“Let me give you an example, Serena, of the situation in Naples.” One of my students, an elegant Treviso businessman, explained. “Imagine two men standing on the street. Drugs and money are exchanged. Suddenly a police car swings up the narrow street, but a boy on a scooter, who has been posted as a lookout, jams out into their path, effectively blocking them. The boy, of course, is not wearing the legally required helmet. The drug dealer and customer duck into a nearby house, where the housewife whisks them out the back door and into a waiting van which takes them to another neighborhood. All arranged by the Mafia. In fact, Serena, 90% of all garage mechanics are either part of or in the payment of the Mafia. It is that ingrained into society.”

“What would you do to fix the garbage situation?”

“Soldiers with live ammo on every street.”

immondizia napoli
Napoli garbage (
picture by Alessandro Zarcone via Flickr)

"Any kind of alarmism is baseless and founded only on emotions, amplified by the international media," said Naples Mayor Rosa Russo Iervolino in a statement. This was in response to a warning issued by the US Embassy in Rome…in July of last year. I wonder how many tourists are planning a stop in Naples…a city, like many in Italy, which depends on tourism to survive.

Since the citizens of Naples protested against creating a new landfill and the Camorra (or local branch of Mafia) makes money anyway, it looks like it may not change anytime soon as politicians fall over themselves to discuss how outraged they are, but in the end do nothing. Another student, a typically intelligent, hardworking, conscientious and incredulous Northern Italian was frustrated to near tears.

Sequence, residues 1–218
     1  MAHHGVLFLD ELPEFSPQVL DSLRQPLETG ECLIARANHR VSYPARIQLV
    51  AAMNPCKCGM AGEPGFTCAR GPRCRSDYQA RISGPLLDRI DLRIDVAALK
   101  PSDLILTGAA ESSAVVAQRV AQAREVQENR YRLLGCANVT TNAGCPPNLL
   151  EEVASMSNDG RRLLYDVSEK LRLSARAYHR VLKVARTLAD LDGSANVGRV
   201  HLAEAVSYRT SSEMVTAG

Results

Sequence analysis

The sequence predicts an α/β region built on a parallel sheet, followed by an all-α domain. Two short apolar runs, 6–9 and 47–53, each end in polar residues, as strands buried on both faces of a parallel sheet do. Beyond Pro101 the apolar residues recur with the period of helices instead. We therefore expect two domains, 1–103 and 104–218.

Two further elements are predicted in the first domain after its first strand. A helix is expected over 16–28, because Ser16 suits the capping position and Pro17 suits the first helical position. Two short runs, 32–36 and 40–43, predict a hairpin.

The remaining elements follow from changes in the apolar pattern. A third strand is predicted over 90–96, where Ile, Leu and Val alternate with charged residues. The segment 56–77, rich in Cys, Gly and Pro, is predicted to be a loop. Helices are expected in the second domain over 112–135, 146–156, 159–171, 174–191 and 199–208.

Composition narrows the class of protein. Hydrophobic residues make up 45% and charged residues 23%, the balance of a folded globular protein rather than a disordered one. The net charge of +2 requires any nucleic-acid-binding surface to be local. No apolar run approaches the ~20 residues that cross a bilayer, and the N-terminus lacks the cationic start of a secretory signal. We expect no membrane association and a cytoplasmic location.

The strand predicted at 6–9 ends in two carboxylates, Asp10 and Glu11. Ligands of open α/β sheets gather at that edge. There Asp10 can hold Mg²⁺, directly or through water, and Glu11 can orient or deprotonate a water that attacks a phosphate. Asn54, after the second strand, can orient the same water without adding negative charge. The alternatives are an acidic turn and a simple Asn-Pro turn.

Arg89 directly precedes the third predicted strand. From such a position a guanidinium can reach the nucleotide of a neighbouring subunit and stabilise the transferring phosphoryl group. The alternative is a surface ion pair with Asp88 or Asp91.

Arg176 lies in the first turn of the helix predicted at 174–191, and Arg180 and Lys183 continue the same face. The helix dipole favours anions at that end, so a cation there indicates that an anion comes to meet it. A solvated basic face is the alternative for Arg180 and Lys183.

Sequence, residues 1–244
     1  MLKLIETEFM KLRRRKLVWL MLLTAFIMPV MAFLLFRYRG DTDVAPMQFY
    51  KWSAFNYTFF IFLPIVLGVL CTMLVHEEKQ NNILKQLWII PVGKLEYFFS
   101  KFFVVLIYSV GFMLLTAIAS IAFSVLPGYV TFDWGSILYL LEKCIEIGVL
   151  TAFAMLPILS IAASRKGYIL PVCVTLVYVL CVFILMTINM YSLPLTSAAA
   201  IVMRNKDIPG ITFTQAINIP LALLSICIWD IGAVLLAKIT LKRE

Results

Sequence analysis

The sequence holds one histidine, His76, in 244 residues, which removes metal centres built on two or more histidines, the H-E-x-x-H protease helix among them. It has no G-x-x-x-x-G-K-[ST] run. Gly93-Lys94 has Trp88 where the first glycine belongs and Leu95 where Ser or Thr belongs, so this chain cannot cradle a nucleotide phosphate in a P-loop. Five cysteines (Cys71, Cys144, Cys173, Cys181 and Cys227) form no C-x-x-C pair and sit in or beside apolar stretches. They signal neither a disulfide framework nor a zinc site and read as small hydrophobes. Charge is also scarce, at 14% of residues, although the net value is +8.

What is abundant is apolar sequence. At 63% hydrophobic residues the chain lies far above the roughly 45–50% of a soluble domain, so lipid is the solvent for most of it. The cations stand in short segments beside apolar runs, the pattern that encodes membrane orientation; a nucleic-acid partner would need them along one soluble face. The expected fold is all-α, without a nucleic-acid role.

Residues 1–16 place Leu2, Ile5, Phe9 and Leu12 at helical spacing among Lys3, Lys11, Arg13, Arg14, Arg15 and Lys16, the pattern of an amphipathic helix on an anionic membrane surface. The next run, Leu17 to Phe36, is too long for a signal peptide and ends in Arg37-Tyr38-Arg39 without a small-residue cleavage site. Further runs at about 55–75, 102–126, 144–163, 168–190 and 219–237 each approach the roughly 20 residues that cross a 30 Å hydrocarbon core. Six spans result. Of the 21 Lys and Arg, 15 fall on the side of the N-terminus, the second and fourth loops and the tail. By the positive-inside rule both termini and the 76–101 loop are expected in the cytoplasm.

“Serena, the garbage from Naples is being trucked to Germany where the Germans turn it into useable power that they then sell back to Italy. My tax money is paying for this. This is how the government is ‘solving’ this problem.”

As usual I checked for confirmation from Luciano.

“Well, I am not sure about that, but it is certainly a rumor. But Serena, turn on the news and check out what happened today!”

I watched as more rapid fire Italian was bandied about, politicians spoke and people rushed in and out of the parliament. I was lost. “What happened?”

“The Minister of Justice and almost his entire party were involved in an investigation on suspicion of corruption, his wife has been placed under house arrest and everybody is resigning before they go to jail.”

“Wow…what did he do?”

“They used their influence to give people they knew better jobs.”

I blinked at Luciano in silence. I was confused, still.

“Everybody does that! What’s the big deal?”

“Oh, well, somebody made a noise about it and started an investigation; someone who is retiring in eleven days. Eleven days!”